Yeti goes carbon x2:
It was no big surprise that Yeti Cycles took the SB95 29er FS into the carbon battle front. But more of an unexpected treat was the appearance of the ARC Carbon hard tail at Sea Otter 2013. Taking up where the Big Top left off, the all carbon frame is nearly a full pound lighter than the Big Top and comes in at 2.6lbs for a Med. Designed around a 100mm fork (but will accept a 120mm), the ARC Carbon retains the geometry of the old bike…long TT, slacker angles than the norm, short CS length. Nice combo for a endurance or all around XC hardtail. 142×12 only…no SS option or swappable dropouts. Threaded BB too. And, of course, it has to have the Yeti Loop Tail design that is claimed to add to compliance. Even if that is not true, it looks like a Yeti and, in a world of me-too carbon frames, this makes it standout. I like it. Note: As was pointed out in our comments by some sharp reader, I missed the point of Yeti matching the frame size to the wheel size. SM and X-SM sizes are built for 27.5 wheels and MED to XL are 29ers. That makes some sense to me. Also, MSRP is $2000.00. Editor
And of course, there was the SB95C which cuts almost 2 lbs over the aluminum version at 5.7lbs for a medium frame. And it is still one of the best looking FS designs out there as far a lines, aesthetics, etc. I asked about increased tire clearance at the rear stays and that was not clear at the time, but the Ikon tire (not what one would expect on a bike like this) had a ton of room and it looked like a more aggressive tire would fit, although maybe not a truly big tire.
Rocky Mountain Instinct 970: Under the radar?
In the same category of the rest of the 29er FS bikes with over 120mm of travel…130mm in this case…the Instinct 970 seems to be a bit obscure. With the Smoothlink suspension done with longer legs in a 7005 alu frame, the Instinct looks to be a solid bike. The innovative Ride 9 technology allows you to adjust some performance aspects of the rear suspension by just moving around a little Rubics Cube thingy at the rear shock mount. I like this company and their lesser travel 29ers very much, but I have to say that this is a, well…homely bike. Yep. The graphics and lines are just not too pretty. Too bad, cause Rocky typically brings the goods to the trail. But if you are not looking to spend $7k on one of the new carbon super bikes and you typically cover your bike with mud anyway…well then have a look at the $4400.00 Instinct (or the better looking 950 model for $3200.00) ‘Go Canada’.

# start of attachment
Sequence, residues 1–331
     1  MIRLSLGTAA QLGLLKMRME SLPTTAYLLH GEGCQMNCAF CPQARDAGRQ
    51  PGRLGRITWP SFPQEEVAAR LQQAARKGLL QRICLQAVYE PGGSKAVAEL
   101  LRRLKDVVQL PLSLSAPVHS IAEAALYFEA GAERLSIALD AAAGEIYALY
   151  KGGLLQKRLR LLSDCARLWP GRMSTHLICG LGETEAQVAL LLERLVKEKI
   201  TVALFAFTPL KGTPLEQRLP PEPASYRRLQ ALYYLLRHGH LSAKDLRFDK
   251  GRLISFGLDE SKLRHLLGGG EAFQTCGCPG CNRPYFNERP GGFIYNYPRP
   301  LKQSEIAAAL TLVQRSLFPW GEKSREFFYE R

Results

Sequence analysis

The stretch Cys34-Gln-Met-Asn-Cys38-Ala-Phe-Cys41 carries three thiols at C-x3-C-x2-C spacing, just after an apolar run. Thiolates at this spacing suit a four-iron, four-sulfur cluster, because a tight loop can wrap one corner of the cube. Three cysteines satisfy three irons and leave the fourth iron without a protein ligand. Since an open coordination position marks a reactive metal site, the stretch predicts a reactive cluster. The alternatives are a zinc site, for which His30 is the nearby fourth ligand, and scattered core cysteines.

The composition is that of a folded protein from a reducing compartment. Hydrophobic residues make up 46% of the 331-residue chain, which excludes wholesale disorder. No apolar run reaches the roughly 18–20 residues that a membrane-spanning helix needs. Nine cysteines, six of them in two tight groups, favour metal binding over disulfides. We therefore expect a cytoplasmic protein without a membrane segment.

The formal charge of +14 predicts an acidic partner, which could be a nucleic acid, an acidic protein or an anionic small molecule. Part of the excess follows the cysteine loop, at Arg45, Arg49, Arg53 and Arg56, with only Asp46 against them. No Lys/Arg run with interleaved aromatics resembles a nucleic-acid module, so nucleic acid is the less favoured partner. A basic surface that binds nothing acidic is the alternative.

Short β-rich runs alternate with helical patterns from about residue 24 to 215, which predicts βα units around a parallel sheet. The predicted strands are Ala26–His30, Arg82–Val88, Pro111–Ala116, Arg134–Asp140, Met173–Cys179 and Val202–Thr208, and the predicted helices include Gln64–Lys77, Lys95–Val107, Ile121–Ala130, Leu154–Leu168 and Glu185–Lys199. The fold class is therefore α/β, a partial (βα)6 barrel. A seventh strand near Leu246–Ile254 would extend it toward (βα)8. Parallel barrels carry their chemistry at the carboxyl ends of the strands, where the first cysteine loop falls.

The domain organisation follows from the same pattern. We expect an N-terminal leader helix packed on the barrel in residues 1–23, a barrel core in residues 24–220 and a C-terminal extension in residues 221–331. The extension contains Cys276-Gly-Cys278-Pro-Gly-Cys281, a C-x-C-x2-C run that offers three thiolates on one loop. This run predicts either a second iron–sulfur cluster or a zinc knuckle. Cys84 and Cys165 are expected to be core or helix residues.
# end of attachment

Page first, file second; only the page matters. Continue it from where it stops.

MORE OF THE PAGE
White Bros ups the travel in 29er forks:
This un-named and not yet ready for production (but soon) fork is the new 140mm-150mm travel (adjustable) 29er fork that would look just fine on any 29er heavy trail or enduro bike. 34mm stanchions and a adjustment that affects the spring rate of the fork as well as the typical compression damping/rebound that the Loop 130mm140mm fork has. They also had this MRP chainring guide for XX1 applications, or at least that was the target in mind, but it applies to more than that.
Banshee Prime: Not new, but still relevant:
I stopped by the Banshee booth to look at the Prime (or I am pretty sure this is the Prime), a much loved bike by those who ride tough trails. It is a good looking bike and all, but I could not get anyone to talk to me about it. They were too busy yakking with their buddies about trails they had been shredding while I stared at them, the bike, them, the bike, etc with camera and notepad in hand. Odd. Maybe it’s me? I need more tattoos, most likely.
Geax rolls out the Goma Enduro Tire:
Coming in to the family of Geax MTB tires is the Goma, a full figured girl of a tire made with serious trail use or endur0 racing in mind…or slopestyle or whatever. At 765g in a 27.5×2.4 (pictured here…29ers are still in the oven), the Goma is in a good place, both in TNT and folding casings. It has some nice touches that may not show well in the pics like stepped knobs and sipes in the tread blocks. The stepped knob is said to give you a gradual warning that you are reaching the edge of traction while cornering instead of hanging on hard then suddenly letting go. If so, I think I would like that. Apparently Cam Zink (pictured below) does too. This tire in 27.5 has already been winning events so the Goma could be a serious player as longer travel 29er bikes hit the trails in 2013-14.
More to come from SRAM, Niner (including some cool handlebars), Fox, DT Swiss and who knows what else.